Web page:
In which, two things are observable; the propriety, and the universality; the propriety in the potency, the universality. in the omnipotency; first, That he is a God of power; secondly, That he is a God of infinite power. The potency consisteth in a proper, innate, and natural force or activity, by which we are assured that God is able to act, work, and produce true and real effects, which do require a true and real power to their production: and in respect of this he is often described unto us under the notion of a mighty God. The omnipotency or infinity of this power consisteth in an ability to act, perform, and produce, whatsoever can be acted or produced, without any possibility of impediment or resistance: and in this respect he is represented to us as an Almighty God. And therefore such an omnipotency we ascribe unto him: which is sufficiently delivered in the Scriptures, first by the testimony of an angel, “ for with God nothing shall be impossible;"(Lukei. 37.) secondly, by the testimony of Christ himself, who said, “ With men it is impossible, but not with God; for with God all things are possible.” (Mark x. 27.) Now he, to whom all things are possible and to whom nothing is impossible, is truly and properly omnipotent. Thus whatsoever doth not in itself imply a repugnancy of being or subsisting, hath in reference to the power of God a possibiļity of production; and whatsoever in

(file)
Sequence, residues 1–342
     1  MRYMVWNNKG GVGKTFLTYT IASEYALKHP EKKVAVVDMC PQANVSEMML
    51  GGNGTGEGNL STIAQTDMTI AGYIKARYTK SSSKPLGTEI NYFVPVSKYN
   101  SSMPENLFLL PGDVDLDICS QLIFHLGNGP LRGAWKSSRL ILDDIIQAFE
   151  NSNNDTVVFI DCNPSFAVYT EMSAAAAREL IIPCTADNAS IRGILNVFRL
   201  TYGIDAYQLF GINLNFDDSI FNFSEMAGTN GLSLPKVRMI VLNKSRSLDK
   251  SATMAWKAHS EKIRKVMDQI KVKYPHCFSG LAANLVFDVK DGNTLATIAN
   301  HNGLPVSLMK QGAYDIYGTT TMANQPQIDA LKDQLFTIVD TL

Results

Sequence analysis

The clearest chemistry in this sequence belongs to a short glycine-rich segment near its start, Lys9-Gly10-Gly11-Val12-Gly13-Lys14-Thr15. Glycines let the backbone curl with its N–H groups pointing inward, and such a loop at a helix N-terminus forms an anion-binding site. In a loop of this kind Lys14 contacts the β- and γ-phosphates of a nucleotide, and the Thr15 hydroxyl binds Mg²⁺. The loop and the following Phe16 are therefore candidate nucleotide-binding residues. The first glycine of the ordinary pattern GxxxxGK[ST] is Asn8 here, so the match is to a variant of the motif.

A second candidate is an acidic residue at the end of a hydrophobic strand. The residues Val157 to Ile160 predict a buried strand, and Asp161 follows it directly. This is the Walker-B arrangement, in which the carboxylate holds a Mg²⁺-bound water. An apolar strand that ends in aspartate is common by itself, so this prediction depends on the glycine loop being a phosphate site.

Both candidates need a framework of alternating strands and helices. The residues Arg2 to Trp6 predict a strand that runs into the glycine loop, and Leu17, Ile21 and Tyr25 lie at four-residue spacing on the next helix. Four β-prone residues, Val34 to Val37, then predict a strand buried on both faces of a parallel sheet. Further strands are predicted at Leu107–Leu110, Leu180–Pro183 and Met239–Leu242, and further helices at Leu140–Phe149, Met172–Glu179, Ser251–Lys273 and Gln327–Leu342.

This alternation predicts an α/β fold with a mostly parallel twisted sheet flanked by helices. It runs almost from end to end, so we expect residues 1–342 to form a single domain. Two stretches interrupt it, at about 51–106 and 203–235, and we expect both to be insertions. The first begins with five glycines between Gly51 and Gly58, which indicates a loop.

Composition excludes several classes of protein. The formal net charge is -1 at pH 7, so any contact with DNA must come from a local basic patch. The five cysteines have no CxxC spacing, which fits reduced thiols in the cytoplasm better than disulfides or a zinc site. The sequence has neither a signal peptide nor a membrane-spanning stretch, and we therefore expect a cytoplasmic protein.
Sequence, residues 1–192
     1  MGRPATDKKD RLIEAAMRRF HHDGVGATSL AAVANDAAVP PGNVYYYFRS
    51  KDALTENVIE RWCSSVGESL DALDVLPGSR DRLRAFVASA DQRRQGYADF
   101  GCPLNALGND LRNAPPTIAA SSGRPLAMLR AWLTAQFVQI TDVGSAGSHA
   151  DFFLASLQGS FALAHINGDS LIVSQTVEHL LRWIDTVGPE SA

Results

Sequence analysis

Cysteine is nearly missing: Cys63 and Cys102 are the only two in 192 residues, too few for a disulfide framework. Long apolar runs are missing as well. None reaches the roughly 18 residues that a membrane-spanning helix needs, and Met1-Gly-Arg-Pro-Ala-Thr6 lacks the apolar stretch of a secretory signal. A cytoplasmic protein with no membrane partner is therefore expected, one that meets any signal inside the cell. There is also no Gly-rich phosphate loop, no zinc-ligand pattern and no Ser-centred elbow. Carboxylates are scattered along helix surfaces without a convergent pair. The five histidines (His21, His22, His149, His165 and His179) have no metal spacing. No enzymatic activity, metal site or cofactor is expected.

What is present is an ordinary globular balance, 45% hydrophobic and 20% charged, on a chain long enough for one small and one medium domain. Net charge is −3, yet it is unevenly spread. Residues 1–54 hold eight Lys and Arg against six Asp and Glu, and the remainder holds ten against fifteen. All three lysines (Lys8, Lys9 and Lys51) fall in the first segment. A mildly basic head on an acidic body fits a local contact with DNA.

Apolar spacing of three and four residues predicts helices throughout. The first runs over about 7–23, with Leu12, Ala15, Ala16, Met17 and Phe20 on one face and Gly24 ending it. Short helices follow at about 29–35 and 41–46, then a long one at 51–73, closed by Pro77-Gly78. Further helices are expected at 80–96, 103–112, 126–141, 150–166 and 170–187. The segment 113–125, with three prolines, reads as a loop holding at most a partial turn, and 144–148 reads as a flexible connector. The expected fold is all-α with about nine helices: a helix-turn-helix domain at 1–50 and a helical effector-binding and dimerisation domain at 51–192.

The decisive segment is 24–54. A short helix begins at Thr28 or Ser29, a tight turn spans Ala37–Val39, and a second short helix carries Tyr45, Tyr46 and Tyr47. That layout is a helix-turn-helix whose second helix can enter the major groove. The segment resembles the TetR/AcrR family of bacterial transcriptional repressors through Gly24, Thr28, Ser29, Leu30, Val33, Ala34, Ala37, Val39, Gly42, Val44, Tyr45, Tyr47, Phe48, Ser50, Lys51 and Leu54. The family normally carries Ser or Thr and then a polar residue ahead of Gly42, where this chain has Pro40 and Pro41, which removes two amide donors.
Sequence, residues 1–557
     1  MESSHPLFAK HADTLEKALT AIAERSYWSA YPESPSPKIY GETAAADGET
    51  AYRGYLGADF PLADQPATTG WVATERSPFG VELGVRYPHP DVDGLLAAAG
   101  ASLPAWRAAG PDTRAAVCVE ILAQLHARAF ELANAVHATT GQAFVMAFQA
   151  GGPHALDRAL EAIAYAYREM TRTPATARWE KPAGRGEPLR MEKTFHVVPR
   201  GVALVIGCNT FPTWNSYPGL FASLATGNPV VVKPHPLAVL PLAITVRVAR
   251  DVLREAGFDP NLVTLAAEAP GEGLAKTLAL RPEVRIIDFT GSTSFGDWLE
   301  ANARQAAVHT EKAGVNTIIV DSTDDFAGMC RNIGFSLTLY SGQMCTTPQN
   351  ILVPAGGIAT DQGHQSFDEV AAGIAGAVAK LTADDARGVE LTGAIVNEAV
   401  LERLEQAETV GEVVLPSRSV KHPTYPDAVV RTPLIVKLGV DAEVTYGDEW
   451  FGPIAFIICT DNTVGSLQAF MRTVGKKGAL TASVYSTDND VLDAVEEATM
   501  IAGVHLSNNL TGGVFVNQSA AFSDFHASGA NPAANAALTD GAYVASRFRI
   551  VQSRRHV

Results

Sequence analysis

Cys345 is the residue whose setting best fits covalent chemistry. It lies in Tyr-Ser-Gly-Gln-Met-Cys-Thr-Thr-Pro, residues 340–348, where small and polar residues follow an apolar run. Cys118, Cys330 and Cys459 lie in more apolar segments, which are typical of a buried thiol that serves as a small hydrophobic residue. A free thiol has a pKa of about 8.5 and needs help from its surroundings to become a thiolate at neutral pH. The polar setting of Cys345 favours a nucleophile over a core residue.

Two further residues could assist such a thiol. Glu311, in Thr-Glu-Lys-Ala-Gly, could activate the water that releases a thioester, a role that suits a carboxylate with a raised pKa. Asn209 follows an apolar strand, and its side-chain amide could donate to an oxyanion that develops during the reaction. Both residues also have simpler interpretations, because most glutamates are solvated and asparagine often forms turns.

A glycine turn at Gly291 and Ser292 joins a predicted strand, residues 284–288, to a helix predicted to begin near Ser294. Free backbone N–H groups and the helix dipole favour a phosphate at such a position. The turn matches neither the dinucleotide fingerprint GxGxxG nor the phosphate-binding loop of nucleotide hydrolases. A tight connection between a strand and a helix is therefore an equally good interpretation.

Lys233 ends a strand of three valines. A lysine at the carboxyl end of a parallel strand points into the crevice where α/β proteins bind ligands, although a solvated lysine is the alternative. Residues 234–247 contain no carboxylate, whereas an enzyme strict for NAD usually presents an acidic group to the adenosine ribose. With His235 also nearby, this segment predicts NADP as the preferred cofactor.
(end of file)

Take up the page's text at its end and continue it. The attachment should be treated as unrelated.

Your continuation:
* In the first Article it is Παντο- ενιδρύουσαν και θεμελιούσαν και περικράτωρ, in the sixth Παντοδύναμος. σφίγγουσαν, και αρραγές εν εαυτό το πάν Page 88, 89. And this distinction is átotelovoav, kai és šavrñs rà őla kavery material, and much observed by θάπερ εκ ρίζης παντοκρατορικής προάthe Greeks; as Dionysius Arcopagita yovoav, kai eis ļautav tà távra kabá(whosoever that is) in his book Detep eis truquéva Tavtoxpatopikov mDivinis Nominibus, in the 8th chapter, otpépovoav, kaì ovvéyovoav avrà, us explicates the δυναμωνυμίαν, or παν- πάντων έδρας παγκρατή, τα συνεχόμενα τοδύναμον, and in the 10th chapter πάντα κατά μίαν υπερέχουσαν πάντα παντοκράτωρ, as two distinct names συνοχήν ασφαλιζομένην, και ουκ εώσαν with different notions of God. Of αυτά διεκπεσόντα εαυτής, ως εκ παντεthe Παντοκράτωρ, which we have al- λούς εστίας κινούμενα, παραπολέσθαι. ready considered, he gives this ac- c. x. §. 1. But of the duvauwwopia count: Tò uèv yap Néyerai, dià Tò táv- he gives another account, as we shall των αυτών είναι παντοκρατορικήν έδραν, see hereafter. συνέχoυσαν και περιέχουσαν τα όλα, και